On April 15, Major League Baseball celebrates its annual “Jackie Robinson Day,” commemorating the date in 1947 when the Brooklyn Dodgers star stepped onto Ebbets Field and became the first African-American to play in the previously all-white top tier of the sport. On April 12, that other all-American institution, Hollywood, celebrates the occasion as well, releasing “42,” a biopic of Robinson directed by Brian Helgeland and starring Chadwick Boseman and Harrison Ford. In the decades since Robinson’s heroic breakthrough, baseball has put together a much improved record when it comes to racial equality. But Hollywood remains in a slump.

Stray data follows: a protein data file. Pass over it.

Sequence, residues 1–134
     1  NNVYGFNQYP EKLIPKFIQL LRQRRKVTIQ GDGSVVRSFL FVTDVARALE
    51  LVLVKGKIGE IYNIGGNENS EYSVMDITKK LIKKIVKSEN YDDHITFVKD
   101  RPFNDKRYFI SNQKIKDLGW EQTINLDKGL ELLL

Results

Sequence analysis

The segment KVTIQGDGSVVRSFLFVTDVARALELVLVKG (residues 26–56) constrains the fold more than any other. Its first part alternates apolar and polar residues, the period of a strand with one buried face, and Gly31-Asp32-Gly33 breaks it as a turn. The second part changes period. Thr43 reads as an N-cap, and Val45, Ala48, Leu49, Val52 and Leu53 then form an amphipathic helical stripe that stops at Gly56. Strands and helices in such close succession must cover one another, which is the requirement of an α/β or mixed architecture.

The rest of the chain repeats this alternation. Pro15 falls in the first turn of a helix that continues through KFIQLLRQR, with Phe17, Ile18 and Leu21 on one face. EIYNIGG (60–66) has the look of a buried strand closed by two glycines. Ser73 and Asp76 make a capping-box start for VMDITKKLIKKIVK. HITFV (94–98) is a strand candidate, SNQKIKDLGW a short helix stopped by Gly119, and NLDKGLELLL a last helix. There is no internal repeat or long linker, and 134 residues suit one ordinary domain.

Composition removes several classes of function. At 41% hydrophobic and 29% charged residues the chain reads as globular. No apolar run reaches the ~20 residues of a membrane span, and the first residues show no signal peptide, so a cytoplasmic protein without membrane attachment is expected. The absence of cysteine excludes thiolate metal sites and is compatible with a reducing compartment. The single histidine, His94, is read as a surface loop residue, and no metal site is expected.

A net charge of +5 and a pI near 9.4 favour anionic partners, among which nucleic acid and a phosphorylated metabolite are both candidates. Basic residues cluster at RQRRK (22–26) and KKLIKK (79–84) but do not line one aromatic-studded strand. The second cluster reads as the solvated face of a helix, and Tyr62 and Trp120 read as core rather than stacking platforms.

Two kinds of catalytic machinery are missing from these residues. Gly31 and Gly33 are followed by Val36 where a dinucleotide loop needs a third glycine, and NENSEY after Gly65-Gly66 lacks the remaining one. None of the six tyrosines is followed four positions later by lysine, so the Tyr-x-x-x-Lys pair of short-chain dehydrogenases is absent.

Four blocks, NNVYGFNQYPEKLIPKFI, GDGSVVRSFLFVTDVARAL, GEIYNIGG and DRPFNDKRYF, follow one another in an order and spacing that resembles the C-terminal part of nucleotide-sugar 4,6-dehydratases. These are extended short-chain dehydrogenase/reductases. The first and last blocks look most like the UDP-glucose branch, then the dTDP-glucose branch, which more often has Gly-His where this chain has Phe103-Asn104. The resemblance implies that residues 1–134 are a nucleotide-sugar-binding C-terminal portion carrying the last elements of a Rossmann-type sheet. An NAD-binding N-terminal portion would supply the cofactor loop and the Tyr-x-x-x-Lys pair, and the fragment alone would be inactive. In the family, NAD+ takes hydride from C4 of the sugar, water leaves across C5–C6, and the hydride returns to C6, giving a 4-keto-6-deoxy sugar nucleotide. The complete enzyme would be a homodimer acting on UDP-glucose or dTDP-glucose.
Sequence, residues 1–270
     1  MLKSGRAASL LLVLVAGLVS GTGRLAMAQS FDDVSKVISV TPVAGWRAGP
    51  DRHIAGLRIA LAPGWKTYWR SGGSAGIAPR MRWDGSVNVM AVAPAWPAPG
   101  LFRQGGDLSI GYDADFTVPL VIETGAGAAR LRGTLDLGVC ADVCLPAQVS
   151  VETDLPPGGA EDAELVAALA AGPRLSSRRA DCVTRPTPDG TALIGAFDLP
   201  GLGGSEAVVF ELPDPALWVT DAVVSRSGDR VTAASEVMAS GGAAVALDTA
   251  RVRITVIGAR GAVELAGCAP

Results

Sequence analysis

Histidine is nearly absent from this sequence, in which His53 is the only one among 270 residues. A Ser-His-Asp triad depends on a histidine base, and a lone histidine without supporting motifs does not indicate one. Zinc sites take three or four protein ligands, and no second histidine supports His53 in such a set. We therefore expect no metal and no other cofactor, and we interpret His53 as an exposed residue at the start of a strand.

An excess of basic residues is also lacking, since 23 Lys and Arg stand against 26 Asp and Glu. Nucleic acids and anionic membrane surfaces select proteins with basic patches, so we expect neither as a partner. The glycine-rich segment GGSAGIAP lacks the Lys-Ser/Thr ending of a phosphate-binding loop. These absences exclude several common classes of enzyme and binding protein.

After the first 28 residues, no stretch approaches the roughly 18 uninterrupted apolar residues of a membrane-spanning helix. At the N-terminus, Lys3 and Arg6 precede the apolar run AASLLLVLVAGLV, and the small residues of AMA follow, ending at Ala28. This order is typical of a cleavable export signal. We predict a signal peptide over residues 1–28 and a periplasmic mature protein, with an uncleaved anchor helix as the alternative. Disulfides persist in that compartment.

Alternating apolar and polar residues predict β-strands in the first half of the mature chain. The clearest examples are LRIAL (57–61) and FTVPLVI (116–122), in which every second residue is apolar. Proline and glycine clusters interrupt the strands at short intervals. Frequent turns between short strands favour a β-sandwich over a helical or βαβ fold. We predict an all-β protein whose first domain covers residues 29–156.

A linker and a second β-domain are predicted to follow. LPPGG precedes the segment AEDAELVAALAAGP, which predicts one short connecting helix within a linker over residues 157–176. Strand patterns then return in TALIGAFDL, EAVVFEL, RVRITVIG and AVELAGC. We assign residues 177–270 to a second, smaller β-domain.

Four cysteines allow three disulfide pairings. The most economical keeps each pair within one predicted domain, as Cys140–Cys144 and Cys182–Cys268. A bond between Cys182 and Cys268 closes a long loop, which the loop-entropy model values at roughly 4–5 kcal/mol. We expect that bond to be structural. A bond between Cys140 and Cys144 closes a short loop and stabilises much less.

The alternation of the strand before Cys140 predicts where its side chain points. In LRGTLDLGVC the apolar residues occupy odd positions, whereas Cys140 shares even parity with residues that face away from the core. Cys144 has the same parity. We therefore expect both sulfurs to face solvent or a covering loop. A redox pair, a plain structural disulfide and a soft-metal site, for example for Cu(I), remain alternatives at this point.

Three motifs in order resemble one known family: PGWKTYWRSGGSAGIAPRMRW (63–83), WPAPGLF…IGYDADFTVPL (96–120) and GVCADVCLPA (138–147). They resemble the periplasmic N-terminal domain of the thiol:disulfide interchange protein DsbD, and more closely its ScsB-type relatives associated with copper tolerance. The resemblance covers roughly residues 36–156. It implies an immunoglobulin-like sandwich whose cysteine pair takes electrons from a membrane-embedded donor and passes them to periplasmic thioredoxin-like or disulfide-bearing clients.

Its failure until now to turn Robinson’s heroic ordeal into a major motion picture is a sad commentary on the film industry’s values and vision. But that embarrassing oversight hasn’t been for lack of people trying. In 1994, after an episode featuring Robinson in Ken Burns’s PBS series “Baseball” stirred up interest, Spike Lee obtained permission to make a film about Robinson from his widow, Rachel. But after years of script problems and financial difficulties that stalled the production, she withdrew the rights. A few years ago Robert Redford tried to get a production going, but that, too, fell through.